Ed Hunt/For The Daily Astorian
Ed Hunt/For The Daily Astorian
Photo by Dwight Caswell
An island is a lie.
On my way to work, I drive along Washington’s Willapa Bay and pass by the two islands that can be seen from the mainland.
Long Island crowds just feet from the highway that hugs the shore. Heavily forested it stretches away to the horizon, appearing as solid shoreline. Long Island holds a grove of ancient forest and in days past was inhabited with settlements. There is a ferry landing just off the road that used to bring trucks back and forth across the narrow thread of water that separates it from the rest of Washington state.
A little farther on is a defiant little islet several hundred yards from where the tourist pass by on their way to the beach. The U.S. Geological Survey named it Round Island back in 1858; locals call it Baby Island. Its shoulders’ hunched and spiked with snags and cedar that burl in the winter storms. Only a few acres of brush and trees, it appears a picturesque myth centered in the waters of the bay. Steep rocks rising from the silver gray waters and lonely alone.
We like to think of ourselves as islands, as individuals, as ecosystems wholly within ourselves. We like to believe that our actions affect no one beyond our ragged shore. We like to believe ourselves surrounded by waters isolated from the world outside. We like to think ourselves individuals, the center of our own solar systems — centered yet separated by time and space from mothers, wives, children and friends who dip into our orbit for a time only to swing away again.
It is easy to feel alone.
It is easy to think that our actions do not shatter the mirrored water that flows around us, yet the decisions we make ripple out into the world.
We see it in politics, where the temptation is to live and let live, assuming no responsibility for the community, the state, the nation or the world.
I hear it all the time. I’ll take care of myself, do what I want, and it won’t affect anyone else. If other people make bad choices, can’t access health care or mental health services or run out of money when they are too old to work, that’s their problem. It won’t affect me.
Yet it does.
I work as a nurse in an emergency room. It is the front line of the consequences of bad choices.
I meet a lot of people who until that moment thought they were islands. I have met many people who thought their decisions affected no one but them and them alone. Some have long suffering loved ones at bedside, others have long since burned those bridges to the mainland. Perhaps they justified this as a way to limit that damage they caused, or perhaps the connection was never very good in the first place.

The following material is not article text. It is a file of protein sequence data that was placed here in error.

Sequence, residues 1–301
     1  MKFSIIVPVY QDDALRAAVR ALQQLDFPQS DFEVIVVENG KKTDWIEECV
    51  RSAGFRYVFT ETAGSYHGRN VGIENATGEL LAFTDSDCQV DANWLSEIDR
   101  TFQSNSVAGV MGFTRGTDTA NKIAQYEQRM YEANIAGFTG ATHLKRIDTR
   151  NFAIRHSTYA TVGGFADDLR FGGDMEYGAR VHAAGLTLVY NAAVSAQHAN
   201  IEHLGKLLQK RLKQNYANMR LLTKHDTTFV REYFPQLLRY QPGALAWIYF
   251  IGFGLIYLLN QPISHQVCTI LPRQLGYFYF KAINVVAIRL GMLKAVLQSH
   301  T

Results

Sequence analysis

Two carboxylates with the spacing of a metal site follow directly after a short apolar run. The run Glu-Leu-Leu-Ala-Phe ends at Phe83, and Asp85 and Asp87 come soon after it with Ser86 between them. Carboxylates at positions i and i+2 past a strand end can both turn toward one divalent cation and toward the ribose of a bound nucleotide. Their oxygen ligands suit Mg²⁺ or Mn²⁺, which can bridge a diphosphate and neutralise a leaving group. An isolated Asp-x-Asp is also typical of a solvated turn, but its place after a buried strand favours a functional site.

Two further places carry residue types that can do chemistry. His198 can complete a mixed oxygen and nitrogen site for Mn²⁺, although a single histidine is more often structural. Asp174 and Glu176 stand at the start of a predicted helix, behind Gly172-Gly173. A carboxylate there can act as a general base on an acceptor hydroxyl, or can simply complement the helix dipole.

If not family and friends, there are always the professionals — the police officers, emergency medical technicians, nurses, doctors and socials workers — who crash in waves trying to make a difference until the last breath.
Every wave recedes taking a little away from the beach and leaving a little of itself behind. Yet, the ocean itself is not unchanged.
I have watched as addiction destroys families and devastates public resources. I have seen suicide shatter communities. I have seen health care professionals struggle to make a difference in the face of increasing needs and decreasing resources.
Studies have shown that nurses experience depression at twice the rate of the general population. Doctors have a suicide rate that is at least twice that of the general population and that rate is even greater for female physicians. The stresses come from long hours, increasing work loads and the crushing expectations of health care systems that are always demanding more and paying less. Unfortunately, few seek professional help.
So too some of the stress comes from our own expectations. Physician Pranay Sinha, in a 2014 essay titled “Why Do Doctors Commit Suicide?” in The New York Times explained it this way:
“There is a strange machismo that pervades medicine. Doctors, especially fledgling doctors like me, feel the need to project intellectually, emotional and physical prowess beyond what we truly possess. We masquerade as strong and untroubled professionals even in our darkest and most self-doubting moments. How, then, are we supposed to identify colleagues in trouble — or admit that we need help ourselves?”
Individual strength, resilience and freedom are cultural virtues in our nation. Yet we achieve most when we come together and recognize our connections and that through those connections our individual decisions have repercussions on the world around us.
This far north the tides are impressive — a dozen feet in sea level change can drastically alter your perspective in a few hours time. When the tide is low, the water drains out of old Shoalwater Bay and Round Island is exposed as connected to mainland by mudflats that the unwary may be tempted to walk across.
Take away the oceans that appear to separate us, and you will find underneath the connections that tie us all together. What we do and say and act affects those near and far.
How we treat each other and how we take care of ourselves matters.
If you think you are an island, just wait until low tide.
Ed Hunt is a writer and registered nurse who blogs on medical issues at redtriage.com and on other subjects at theebbtide.blogspot.com. He lives in Grays River, Washington.